I have a funny story for you.
I’ve been responsible for a lot of tedious internet duties lately and craving some stimulation while I work, so I’ve been listening to a lot of podcasts. I happened on an episode of This American Life that totally blew my mind. You should give it a listen when you can.
The speaker discusses an experience she’s had ever since she was a child. It’s the feeling of entering a trancelike state, phasing out, and what she describes as “scalp-tingles” whenever she hears someone speaking softly.
The boring librarian at her school, Bob Ross encouraging amateur painters on PBS, the ladies lovingly fondling tacky jewelry on the Shopping Network; she would zone in and enter a state of sublime relaxation whenever she heard them speak.
As I was listening, my jaw dropped open. I’ve had the same experience my whole life!
Now I had always just written it off as something that everyone has and is so commonplace that nobody talks about it. Either that, or I just had a strange fetish for soft voices and that was that. So I was mostly just thrilled that someone shared my experience.
But here’s where things really got interesting.
The speaker goes on to recount her experiences seeking out soft-spoken videos on YouTube so she could trance out to them, and she discovers that this phenomenon has attained a pop-psychological diagnosis. It’s called ASMR, or Autonomous Sensory Meridian Response.
What’s more significant for me is that there’s a huge subculture of internet videos, some of which have quite a following.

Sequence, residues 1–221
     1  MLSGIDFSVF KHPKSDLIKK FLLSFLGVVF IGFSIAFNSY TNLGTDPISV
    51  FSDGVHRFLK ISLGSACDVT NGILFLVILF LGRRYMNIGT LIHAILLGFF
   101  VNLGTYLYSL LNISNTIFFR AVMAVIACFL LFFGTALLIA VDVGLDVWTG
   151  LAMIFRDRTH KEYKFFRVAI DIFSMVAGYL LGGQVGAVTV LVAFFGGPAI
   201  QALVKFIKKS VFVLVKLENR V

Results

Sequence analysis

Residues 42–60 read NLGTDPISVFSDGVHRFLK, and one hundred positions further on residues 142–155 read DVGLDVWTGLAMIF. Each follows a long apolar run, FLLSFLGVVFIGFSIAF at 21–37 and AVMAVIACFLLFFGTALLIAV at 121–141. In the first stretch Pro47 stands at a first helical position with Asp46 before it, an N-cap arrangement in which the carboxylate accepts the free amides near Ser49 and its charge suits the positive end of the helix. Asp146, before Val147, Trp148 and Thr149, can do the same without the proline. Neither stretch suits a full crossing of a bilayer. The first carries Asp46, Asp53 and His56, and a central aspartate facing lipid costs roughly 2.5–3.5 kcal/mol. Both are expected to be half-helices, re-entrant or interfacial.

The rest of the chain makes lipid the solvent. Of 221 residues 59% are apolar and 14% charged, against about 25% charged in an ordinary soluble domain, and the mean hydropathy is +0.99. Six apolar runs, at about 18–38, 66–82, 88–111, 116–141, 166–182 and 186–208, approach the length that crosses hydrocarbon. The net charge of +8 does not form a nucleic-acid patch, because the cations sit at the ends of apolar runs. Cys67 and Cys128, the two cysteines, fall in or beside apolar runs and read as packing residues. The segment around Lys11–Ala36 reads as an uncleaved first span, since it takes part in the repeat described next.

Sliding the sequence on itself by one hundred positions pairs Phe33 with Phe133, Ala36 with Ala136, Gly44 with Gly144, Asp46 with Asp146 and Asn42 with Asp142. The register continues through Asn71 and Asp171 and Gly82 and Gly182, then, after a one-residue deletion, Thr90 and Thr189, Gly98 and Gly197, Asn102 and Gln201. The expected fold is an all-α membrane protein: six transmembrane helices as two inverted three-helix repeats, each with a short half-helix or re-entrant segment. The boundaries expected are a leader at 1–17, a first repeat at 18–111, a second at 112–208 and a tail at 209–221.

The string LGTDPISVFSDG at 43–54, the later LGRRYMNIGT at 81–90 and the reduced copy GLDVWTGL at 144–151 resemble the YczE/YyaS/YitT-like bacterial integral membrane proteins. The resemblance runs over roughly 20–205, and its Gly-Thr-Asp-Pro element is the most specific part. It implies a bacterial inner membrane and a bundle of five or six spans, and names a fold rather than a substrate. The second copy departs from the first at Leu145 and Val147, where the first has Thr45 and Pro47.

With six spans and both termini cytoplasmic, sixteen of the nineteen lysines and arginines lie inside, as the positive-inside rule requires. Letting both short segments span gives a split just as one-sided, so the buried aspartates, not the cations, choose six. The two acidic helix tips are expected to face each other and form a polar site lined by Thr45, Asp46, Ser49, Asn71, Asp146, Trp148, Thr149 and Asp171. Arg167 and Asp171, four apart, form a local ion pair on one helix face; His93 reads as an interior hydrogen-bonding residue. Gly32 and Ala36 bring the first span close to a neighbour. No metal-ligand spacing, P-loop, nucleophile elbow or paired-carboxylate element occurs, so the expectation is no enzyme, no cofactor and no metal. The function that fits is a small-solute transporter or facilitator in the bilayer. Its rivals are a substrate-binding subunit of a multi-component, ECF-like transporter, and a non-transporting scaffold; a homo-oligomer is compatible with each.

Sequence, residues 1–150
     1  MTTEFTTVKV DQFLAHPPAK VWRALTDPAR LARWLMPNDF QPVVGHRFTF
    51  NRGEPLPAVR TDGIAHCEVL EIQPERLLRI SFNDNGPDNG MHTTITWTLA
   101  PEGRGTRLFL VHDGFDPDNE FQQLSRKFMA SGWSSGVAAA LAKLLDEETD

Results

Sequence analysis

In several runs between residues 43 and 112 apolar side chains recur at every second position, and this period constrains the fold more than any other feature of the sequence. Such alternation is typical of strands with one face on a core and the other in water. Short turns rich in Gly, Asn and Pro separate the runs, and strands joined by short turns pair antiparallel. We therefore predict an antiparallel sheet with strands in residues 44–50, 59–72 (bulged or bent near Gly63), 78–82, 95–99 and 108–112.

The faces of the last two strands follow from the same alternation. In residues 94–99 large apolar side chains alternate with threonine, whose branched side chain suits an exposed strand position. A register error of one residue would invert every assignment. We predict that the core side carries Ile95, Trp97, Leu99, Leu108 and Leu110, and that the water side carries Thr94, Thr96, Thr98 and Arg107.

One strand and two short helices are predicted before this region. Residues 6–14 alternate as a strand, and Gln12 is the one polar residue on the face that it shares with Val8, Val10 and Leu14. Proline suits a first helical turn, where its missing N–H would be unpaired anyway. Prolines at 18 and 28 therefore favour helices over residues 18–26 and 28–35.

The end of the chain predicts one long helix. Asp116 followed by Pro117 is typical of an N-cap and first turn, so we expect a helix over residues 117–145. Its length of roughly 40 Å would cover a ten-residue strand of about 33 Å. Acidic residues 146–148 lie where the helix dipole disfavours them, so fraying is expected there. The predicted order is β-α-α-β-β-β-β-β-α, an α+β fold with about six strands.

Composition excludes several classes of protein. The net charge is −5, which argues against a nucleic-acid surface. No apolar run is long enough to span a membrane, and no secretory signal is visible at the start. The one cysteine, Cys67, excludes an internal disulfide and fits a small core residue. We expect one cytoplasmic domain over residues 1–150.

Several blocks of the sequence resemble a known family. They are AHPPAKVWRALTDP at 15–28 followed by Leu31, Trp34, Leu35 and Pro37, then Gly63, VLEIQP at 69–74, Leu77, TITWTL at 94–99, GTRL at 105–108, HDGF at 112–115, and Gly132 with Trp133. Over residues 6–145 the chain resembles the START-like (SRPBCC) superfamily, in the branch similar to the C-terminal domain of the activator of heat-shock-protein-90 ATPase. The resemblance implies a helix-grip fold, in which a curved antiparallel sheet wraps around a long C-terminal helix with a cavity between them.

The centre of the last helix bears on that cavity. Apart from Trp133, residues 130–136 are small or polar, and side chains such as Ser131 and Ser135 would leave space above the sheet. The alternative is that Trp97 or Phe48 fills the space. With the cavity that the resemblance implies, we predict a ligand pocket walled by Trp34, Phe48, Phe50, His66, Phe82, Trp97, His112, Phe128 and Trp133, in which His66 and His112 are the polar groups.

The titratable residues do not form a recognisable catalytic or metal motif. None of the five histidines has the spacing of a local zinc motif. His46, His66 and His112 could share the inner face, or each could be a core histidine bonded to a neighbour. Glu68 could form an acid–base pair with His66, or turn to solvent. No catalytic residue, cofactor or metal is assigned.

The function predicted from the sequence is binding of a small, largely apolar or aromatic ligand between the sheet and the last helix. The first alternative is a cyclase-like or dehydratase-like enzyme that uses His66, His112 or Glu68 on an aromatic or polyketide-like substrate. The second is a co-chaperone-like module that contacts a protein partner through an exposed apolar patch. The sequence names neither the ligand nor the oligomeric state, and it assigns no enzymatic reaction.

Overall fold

These videos are admittedly kind of ridiculous. Mostly it’s soft-spoken girls who take you through creative napkin-folding or tell you how to spruce up your bathroom for guests. Sometimes they just talk about their grandmothers’ jewelry.
Real Martha Stewart stuff. Not my thing. I’d really rather hear about hiking up a mountain.
But I took a few of the suggestions from the podcast and found some channels. In no time, I was sitting in a coffee shop, listening in rapt attention to gift-basket advice with my jaw relaxed and my eyes slightly unfocused. In fact, as I write this I’m listening to equineqt describe her favourite beauty products.
Amazing. Ludicrous, but amazing.
So there are a couple of reasons I wanted to write about this.
(aside from the fact that it’s kind of hilarious)
Obviously this kind of thing is a neat testament to the connectivity that’s possible these days, and everyone loves to learn that their experience is shared by a number of different people.
But there’s also a significant personal upshot to this discovery. Anyone who knows me would be flabbergasted to learn that I function this way. I’m one loud, goofy guy, energetic almost to the point of being frenetic.
I also avoid silence like the plague. I’m always listening to music; I sleep with old TV shows and films on repeat on my computer. Otherwise my brain scatters off in a million directions. That’s part of the reason meditation has always been troublesome for me. I try to centre myself but I can’t coerce my inquiries, anxieties, and distractions into silence. Even hiking, my most blissful activity, is about being highly engaged, just happily so.
That lack is a significant personal liability. People I know who do Yoga or meditate seem to have a rich experience and I don’t like missing out on that. As strange as it is, these oddball videos of girls discussing housewares are the only things I’ve ever come across that let me lose my thoughts and just rest.
I’ve been missing out on that.
So if ASMR videos can help me quiet my mind and meditate, I’m definitely going to pursue them. I want to be able to attain that serene state and profit from centred silence. I look forward to the benefits of a relaxed mind.
It will also mean my dinner-guests will be able to expect some pretty badass napkin-folds, so that’s cool too.